Reading List for Aspiring Mathematicians
May 8, 2021
My first college major was neuroscience. I learned about the beauty of mathematics by chance conversations, and eventually decided I deserved to give myself a chance to explore it. When I decided to switch my major to Honours Mathematics, I felt behind my peers who chose math as their major because they had been good at it growing up. After three years in graduate school, I have made my own contributions to mathematics and been invited to various places to present my work to the mathematical community. Although I still struggle with mathematics (as all mathematicians do), I no longer feel the same sense of insecurity that plagued me as an undergrad.
Here are a few of the readings I found useful, especially at the start of my mathematical journey. Also included are a few pieces of writing I found later on I wish I had the chance to read at a younger age. I hope this can be useful to the person who admires mathematicians but does not identify as a “math person”. I fully believe that, if you choose, you can become not only a “math person”, but a full-fledged mathematician.
Readings that helped me really understand math
Note: none of these were part of my undergraduate curriculum, but extra resources I found which helped me bridge the gap between what my program implicitly assumed I should already know and what I actually knew as an incoming student of mathematics.
Better Explained - this is the website which allowed me to truly understand how math was about concepts, not memorisation. It was especially enjoyable for me to re-learn some key concepts in trigonometry and functions and finally understand what they were about.
Gilbert Strang’s Calculus Book - I took Calculus I, II, and III without really understanding much. I had memorised how to do the problems and gotten disappointing grades in exchange. When I decided to major in math, I decided this wouldn’t do and took it upon myself to relearn the whole course sequence, focusing on the ideas rather than the computations.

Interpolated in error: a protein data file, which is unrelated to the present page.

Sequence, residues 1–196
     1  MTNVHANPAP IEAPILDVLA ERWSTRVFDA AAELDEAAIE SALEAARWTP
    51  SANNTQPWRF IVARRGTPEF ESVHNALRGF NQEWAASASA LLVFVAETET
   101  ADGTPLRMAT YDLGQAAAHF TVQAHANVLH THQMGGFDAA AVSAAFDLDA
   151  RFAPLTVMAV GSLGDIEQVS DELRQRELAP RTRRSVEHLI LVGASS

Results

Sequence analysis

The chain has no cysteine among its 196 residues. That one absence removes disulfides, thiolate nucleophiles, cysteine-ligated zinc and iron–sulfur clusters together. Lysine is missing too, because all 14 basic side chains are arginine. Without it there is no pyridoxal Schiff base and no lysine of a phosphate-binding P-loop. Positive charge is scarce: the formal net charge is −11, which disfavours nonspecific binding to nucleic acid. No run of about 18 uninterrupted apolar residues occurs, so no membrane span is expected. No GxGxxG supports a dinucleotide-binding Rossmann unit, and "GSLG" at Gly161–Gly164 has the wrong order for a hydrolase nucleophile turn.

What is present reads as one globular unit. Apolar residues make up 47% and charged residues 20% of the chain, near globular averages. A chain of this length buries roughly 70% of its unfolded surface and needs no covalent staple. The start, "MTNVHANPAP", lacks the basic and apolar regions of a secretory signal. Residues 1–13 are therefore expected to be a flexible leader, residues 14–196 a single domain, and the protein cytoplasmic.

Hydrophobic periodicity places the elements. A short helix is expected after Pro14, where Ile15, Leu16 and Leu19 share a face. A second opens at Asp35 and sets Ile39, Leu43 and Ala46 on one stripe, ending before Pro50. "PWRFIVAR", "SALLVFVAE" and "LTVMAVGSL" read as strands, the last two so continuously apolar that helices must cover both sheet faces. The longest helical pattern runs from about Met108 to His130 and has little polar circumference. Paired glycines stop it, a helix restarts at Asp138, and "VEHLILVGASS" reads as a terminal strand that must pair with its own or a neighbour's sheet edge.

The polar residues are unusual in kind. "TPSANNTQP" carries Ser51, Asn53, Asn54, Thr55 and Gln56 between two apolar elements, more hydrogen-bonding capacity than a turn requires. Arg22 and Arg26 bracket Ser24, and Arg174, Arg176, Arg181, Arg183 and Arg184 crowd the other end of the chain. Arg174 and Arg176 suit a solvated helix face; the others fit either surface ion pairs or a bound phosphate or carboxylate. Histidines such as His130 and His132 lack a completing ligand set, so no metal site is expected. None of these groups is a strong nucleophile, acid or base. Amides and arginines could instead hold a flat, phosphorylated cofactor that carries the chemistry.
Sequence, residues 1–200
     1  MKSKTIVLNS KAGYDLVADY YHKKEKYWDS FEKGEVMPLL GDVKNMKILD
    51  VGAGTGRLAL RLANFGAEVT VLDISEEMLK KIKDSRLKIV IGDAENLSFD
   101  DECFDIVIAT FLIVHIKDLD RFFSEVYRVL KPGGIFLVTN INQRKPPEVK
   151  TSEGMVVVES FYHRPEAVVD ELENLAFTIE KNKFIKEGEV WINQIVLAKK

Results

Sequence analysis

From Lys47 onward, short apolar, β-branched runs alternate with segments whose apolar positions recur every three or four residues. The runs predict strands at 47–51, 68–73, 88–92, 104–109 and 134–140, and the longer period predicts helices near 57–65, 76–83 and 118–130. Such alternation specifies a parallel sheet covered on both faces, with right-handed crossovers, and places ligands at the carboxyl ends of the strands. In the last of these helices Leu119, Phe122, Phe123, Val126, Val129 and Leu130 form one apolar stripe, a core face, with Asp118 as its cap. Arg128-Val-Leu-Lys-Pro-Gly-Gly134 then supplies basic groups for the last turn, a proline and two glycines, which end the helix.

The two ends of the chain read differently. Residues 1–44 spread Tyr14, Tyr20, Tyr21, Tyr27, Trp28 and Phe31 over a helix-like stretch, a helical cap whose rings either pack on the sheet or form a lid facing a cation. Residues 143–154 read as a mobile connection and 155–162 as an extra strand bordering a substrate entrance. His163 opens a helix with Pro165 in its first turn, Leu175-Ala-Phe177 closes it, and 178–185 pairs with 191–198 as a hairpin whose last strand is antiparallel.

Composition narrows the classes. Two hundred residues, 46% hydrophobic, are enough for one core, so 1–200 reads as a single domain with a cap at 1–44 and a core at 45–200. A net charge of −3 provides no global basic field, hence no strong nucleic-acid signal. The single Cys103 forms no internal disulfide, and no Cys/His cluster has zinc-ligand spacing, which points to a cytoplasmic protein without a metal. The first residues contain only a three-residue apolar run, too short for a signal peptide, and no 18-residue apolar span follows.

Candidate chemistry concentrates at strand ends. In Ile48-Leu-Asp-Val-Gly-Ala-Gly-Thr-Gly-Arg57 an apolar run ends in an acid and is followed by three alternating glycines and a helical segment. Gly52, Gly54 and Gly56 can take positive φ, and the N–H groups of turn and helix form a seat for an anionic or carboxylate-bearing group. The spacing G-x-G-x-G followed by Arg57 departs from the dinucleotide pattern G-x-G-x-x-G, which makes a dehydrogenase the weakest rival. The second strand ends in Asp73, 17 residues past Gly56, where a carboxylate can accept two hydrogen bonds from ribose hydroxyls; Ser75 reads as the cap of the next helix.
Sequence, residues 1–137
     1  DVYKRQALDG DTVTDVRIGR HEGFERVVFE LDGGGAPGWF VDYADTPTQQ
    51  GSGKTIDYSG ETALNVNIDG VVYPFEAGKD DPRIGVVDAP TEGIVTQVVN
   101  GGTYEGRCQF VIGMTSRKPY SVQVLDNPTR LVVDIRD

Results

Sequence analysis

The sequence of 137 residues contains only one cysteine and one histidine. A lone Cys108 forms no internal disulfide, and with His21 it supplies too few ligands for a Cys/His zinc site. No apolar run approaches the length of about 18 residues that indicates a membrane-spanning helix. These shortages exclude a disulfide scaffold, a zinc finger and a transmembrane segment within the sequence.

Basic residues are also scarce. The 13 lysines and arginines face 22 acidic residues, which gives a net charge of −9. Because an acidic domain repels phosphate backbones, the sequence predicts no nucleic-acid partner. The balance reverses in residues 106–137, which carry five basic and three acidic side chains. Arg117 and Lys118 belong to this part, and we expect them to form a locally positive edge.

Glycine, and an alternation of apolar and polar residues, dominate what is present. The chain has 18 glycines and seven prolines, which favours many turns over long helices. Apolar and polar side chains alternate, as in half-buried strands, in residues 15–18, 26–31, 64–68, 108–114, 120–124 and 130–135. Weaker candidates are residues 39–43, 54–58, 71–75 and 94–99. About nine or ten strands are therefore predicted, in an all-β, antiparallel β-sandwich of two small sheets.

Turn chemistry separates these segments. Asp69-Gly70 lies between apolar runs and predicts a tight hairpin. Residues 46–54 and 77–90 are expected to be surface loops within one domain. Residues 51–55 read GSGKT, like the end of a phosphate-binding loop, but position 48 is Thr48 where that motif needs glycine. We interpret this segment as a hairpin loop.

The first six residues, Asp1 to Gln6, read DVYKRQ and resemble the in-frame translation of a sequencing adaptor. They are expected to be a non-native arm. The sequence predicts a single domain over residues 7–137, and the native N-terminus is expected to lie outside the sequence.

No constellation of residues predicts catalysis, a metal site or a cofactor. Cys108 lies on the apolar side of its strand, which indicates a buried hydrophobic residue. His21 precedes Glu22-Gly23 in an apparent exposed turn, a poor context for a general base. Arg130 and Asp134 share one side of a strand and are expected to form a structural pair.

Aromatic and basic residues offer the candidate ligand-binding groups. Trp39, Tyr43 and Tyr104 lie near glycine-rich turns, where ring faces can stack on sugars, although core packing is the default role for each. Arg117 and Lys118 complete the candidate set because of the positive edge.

A Book of Abstract Algebra by Charles Pinter - this was my first exposure to pure math and formal proofs. I found it illuminating to really attempt the exercises before checking the solutions. My approaches were embarrassingly wrong at first! It felt bad, but really taking the time to understand why I had been so wrong and why the solutions were right opened up the world of pure mathematics to me. To this day, coming up with a proof is the greatest joy of my life.
Readings that nourished my soul
A Mathematician’s Lament by Paul Lockart - a dissection of how mathematics is misrepresented in pre-college education.
Mathematics for Human Flourishing by Francis Su - who is mathematics for and what can we gain by learning mathematics?
On Proof and Progress in Mathematics by William Thurston - one of the greats of mathematics discusses what mathematical progress is.
Popular readings which propagate harmful ideas
A Mathematician’s Apology by GH Hardy
Peak by Anders Ericsson - a book dispelling the myth of born geniuses in various fields, including mathematics.
Piper H’s PhD thesis - Piper H, who graduated from Princeton (widely seen as the top school for mathematics), lays out her mathematical research in layman’s terms with great social commentary.
Warning: an apt description of most math environments.